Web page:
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How "Gene Doping" Could Create Enhanced Olympiansby Rick LovettNational Geographic NewsAugust 14th, 2008Experts say Oympic athletes may soon be able to genetically enhance their muscles to be faster, stronger, and better able to recover after workouts—if they aren't already.
Finding the Golden Genes by Patrick BarryScienceNewsAugust 13th, 2008Advances in gene therapy could tempt some athletes to enhance their genetic makeup, leading some researchers to work on detection methods just in case.
Gene Doping Hits the Headlinesby Pete ShanksBiopolitical TimesJuly 29th, 2008The media are speculating about gene doping at the Olympics, and Friends of the Earth is urging sports to renounce it.
German TV Documentary Suggests Genetic Doping is Possible in ChinaDeutsche Presse-AgenturJuly 22nd, 2008A hidden camera showed a reporter, claiming to be a swimming coach, inquiring about performance-enhancing stem cell treatment for athletes in a Chinese hospital. A doctor named a price of $24,000 and outlined the procedure.
Gene Therapy to Treat Cancer for First TimePress Trust of IndiaJune 19th, 2008Doctors have treated a cancer patient by injecting him with billions of his own genetically-modified immune cells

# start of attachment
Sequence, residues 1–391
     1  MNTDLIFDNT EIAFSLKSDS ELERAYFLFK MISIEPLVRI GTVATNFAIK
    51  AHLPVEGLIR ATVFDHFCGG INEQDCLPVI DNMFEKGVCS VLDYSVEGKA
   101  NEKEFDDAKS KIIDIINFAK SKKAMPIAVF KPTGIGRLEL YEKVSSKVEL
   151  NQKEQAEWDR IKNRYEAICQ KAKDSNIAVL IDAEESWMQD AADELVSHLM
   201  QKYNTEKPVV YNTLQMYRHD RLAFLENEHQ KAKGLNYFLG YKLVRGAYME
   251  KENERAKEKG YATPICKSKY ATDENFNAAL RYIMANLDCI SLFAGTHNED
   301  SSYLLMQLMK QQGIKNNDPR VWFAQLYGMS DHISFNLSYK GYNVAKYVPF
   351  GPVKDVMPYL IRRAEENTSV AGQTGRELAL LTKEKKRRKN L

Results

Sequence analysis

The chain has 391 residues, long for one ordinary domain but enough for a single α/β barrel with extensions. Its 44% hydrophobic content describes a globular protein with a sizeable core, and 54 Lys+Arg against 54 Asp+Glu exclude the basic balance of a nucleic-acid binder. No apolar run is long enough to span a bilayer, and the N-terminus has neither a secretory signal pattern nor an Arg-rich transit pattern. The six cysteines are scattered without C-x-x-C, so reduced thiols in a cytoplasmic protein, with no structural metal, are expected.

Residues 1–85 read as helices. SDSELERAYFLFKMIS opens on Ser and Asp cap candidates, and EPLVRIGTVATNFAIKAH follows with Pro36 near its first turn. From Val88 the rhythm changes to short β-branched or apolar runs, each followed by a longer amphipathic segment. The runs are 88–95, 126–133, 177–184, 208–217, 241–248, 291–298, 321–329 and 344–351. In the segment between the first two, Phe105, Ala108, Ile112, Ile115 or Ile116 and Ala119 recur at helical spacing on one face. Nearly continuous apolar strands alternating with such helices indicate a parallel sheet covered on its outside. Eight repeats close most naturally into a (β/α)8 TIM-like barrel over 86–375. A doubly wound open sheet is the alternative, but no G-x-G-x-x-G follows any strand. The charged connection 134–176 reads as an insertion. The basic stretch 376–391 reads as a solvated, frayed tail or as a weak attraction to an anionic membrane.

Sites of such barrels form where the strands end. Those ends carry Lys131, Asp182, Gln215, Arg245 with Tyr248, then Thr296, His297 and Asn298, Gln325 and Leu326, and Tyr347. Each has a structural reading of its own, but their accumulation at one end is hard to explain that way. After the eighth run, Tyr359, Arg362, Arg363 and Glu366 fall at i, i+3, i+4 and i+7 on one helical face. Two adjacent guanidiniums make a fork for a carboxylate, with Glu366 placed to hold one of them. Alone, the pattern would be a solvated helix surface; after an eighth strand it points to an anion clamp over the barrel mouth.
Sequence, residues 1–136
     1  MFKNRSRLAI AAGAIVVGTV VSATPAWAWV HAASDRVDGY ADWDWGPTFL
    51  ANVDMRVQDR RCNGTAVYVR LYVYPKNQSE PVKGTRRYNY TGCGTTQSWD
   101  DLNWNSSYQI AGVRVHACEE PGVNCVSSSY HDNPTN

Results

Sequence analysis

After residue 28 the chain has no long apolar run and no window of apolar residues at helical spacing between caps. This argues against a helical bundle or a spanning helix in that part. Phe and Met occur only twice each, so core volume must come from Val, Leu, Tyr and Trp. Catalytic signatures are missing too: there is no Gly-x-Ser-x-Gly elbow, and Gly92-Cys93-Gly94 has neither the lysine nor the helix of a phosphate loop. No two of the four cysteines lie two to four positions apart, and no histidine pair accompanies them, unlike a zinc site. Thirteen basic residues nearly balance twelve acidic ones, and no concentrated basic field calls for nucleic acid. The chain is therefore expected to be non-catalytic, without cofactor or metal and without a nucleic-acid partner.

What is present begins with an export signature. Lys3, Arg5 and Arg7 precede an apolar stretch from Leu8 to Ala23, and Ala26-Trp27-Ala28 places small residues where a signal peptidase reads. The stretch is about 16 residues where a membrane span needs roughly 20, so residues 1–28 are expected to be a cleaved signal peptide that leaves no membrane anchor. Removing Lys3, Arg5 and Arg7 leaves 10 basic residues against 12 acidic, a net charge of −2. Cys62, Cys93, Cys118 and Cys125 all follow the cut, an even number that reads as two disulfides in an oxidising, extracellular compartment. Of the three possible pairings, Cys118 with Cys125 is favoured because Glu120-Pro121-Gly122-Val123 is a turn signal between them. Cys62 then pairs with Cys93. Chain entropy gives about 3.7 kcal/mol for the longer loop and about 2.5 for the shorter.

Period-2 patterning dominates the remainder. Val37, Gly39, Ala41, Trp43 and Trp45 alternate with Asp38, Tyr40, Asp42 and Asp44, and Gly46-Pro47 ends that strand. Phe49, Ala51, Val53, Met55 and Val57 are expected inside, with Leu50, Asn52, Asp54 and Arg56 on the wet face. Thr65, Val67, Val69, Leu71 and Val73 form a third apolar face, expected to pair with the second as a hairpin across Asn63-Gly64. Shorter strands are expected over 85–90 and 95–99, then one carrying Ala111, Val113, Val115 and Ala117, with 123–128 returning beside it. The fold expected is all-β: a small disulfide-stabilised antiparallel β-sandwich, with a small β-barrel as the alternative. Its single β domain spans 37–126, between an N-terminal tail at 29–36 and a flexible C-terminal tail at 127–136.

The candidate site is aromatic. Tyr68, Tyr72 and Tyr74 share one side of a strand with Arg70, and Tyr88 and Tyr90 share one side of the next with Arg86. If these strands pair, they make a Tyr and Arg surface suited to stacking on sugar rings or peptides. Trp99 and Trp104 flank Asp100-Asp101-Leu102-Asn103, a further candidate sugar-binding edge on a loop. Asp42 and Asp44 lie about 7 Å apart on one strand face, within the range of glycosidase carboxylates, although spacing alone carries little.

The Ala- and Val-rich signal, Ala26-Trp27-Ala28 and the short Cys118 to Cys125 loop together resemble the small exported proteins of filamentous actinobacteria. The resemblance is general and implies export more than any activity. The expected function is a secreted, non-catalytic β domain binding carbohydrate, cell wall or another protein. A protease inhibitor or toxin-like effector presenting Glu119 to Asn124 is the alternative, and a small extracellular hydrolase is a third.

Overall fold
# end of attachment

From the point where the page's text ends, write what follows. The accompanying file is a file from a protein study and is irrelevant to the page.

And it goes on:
Gene Fears by Doping BodyEdinburgh Evening NewsJune 12th, 2008The World Anti-Doping Agency has called for increased awareness of the dangers of gene doping, which is thought to be the next big performance-enhancing threat in world sport.
Protecting research subjects from a broken system by Marcy DarnovskyBiopolitical TimesApril 8th, 2008Until conflicts of interest are eliminated, research subjects will never be safe.
Eight Years after Jesse’s Death, Are Human Research Subjects Any Safer?by Paul Gelsinger and Adil E. ShamooHastings Center ReportApril 4th, 2008Many things stand in the way of better protection, but perhaps the greatest obstacle is the lack of adequate federal oversight.
The Future: Think performance enhancers are a problem now?Welcome to the era of the genetically engineered superathleteby David EpsteinSports IllustratedMarch 11th, 2008If athletes develop ways to alter their genes, the very blueprints for their own muscles, there may be no test of blood or urine that can pick that up.
Nature Biotech reports CGS skepticism about IRBs-for-hireby Marcy DarnovskyBiopolitical TimesFebruary 5th, 2008An article published in Nature Biotech last September quotes CGS's Osagie Obasogie's concerns about private IRBs.
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